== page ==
If you are sitting there congratulating yourself because you are debt-free with money in the bank, don’t get too comfy .Martin Luther King warned “Our lives begin the end the day we become silent about things that matter.”

We must say “You’re going the wrong way” to loved ones who are buying things they can’t afford. We need to stop enabling that wrong behavior by giving them money to make ends meet when they can’t. We need to YELL about the self-serving foolishness of offering credit cards to people who are already deeply in debt. There oughtta be a law!

Let’s not assume that this will “correct itself” as lending institutions bear the consequences of their own version of greed—the defaults of the heavily burdened, interest-paying creditors they’ve cultivated–as the credit situation tightens. We need to do our part, too. Say “No” to greed.

We need to get back on the high road of integrity and purpose. The view is nicer, it costs less, there’s more true satisfaction, and you sleep better.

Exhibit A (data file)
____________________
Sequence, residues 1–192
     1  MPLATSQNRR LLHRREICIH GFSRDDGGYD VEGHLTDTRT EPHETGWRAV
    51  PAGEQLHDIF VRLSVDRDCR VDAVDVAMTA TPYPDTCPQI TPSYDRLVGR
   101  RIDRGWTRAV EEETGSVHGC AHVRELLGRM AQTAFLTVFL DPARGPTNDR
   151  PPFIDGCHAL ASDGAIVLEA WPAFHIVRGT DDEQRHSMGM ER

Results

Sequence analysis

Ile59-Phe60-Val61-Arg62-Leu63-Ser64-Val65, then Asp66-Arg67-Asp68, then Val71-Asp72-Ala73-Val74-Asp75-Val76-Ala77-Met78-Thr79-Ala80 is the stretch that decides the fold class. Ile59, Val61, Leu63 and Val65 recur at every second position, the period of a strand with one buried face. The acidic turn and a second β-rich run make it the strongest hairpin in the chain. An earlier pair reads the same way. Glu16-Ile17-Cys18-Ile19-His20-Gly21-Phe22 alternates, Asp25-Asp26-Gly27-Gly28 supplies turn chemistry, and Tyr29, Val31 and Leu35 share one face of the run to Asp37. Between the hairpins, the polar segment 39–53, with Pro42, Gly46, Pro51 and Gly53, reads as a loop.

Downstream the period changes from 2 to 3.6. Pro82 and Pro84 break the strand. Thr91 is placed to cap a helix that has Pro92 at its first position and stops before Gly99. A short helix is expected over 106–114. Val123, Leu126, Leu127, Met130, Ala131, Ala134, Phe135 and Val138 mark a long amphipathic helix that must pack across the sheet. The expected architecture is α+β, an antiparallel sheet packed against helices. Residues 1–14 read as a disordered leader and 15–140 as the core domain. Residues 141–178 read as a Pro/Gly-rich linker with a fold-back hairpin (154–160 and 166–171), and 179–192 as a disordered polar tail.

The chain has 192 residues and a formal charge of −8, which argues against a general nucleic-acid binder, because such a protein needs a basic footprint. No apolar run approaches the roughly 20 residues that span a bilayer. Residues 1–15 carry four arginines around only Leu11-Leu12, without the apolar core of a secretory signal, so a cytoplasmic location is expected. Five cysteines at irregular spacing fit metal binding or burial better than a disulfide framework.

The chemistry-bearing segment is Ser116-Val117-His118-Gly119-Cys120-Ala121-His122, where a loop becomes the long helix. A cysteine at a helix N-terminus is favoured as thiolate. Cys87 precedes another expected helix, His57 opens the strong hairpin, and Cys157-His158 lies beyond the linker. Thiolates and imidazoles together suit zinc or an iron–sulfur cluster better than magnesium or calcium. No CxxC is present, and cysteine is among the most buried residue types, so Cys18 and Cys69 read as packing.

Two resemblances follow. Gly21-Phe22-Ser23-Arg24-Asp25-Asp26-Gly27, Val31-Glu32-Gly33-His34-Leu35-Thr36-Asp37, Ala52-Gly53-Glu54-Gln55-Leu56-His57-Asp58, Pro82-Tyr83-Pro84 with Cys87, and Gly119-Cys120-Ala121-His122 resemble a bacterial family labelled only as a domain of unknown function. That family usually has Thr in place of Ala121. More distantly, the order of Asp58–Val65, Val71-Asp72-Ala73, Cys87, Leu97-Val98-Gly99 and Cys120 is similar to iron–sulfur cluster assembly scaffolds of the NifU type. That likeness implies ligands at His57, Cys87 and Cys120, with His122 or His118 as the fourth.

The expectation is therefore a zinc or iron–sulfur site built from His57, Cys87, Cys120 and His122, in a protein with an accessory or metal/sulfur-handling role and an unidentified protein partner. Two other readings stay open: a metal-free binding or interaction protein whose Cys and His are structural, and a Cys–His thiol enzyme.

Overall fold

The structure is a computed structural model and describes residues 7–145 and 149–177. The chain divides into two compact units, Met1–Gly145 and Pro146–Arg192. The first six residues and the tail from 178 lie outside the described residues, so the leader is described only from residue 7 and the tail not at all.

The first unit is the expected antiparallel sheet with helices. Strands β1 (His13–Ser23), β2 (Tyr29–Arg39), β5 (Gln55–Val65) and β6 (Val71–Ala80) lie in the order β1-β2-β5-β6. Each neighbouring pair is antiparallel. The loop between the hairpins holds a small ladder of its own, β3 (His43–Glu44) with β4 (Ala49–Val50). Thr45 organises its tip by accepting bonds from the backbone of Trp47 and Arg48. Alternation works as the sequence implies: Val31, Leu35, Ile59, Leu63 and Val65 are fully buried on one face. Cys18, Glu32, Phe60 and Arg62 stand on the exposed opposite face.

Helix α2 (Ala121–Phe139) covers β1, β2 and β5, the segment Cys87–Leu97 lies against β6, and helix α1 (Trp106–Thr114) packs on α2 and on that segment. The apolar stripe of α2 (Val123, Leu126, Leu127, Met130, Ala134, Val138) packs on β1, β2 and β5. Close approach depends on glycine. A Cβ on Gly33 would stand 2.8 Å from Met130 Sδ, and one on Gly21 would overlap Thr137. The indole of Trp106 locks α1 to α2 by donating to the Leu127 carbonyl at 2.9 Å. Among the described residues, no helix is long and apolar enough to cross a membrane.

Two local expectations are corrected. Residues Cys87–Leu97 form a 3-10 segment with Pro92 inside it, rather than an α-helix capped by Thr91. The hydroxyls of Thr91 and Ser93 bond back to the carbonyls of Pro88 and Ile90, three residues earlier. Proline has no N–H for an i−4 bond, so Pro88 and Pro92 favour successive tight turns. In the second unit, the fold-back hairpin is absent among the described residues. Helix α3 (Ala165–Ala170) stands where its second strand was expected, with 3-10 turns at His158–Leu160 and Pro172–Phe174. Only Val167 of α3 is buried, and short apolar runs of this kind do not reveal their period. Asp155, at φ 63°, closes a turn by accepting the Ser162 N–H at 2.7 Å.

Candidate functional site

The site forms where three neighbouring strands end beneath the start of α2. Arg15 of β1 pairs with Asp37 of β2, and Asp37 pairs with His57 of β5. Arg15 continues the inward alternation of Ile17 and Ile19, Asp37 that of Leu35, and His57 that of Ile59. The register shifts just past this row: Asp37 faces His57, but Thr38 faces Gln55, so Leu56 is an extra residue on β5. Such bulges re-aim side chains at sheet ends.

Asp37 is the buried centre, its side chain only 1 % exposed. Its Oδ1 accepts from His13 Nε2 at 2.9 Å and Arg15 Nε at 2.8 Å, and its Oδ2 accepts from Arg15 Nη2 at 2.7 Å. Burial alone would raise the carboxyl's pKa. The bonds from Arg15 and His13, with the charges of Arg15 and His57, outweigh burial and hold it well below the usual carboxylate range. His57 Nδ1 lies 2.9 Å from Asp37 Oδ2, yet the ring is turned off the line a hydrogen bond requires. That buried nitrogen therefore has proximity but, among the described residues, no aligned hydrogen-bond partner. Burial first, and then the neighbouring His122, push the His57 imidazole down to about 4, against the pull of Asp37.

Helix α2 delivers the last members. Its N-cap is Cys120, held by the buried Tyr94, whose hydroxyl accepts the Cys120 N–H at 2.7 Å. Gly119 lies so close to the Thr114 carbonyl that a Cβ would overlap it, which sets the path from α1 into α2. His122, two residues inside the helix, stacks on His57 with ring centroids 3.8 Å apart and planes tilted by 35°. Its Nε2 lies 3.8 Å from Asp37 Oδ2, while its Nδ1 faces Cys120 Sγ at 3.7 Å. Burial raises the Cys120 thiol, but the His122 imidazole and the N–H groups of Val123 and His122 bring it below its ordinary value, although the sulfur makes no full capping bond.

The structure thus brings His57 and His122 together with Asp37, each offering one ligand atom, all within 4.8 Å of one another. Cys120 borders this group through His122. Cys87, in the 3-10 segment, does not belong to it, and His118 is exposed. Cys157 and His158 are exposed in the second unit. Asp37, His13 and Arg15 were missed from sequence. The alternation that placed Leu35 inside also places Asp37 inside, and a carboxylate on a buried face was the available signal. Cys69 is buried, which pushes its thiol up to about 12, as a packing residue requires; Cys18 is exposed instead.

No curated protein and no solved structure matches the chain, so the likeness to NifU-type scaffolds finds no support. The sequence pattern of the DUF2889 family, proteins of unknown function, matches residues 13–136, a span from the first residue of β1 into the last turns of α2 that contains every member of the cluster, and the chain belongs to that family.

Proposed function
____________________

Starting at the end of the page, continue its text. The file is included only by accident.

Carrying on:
Healthy Savers, Spend!

Healthy Savers, Spend!

This post if for those who spend their time and save their money.  I’ve been pretty adamant that people who don’t have the money to pay for it should stop buying things.  For the rest of you, that seems so elementary you’re probably wondering about my sanity.  Right now, you’re probably hunkered down as if tanks had rolled into town, denying yourself the simplest of pleasures even when you can pay for them.  We need a different strategy from you, too.

If you are 95% sure you will outlive the money you already have put away, please consider spending some of it now.  I know, that sounds like lunacy, but the only way to get the economy going somewhere close to the right direction again is to keep commerce flowing.  The free-wheeling folks with the high credit card balances are going to have to stop, but that doesn’t mean you need to.  Please don’t scrimp on food because it feels like you need to be frugal.  Please don’t decide to forgo the vacation you can afford–especially if you are going somewhere in the United States.    Please don’t avoid buying what you need if you DO have the money to pay for it.

For me, that’s a scary idea.  In any economic downturn, my first and continued strategy is to cut back.  To not buy anything I absolutely can’t do without.   But if I have the wherewithal, I need to look that fear in the eye and go buy something.  And if you have the cash to do it, so do you.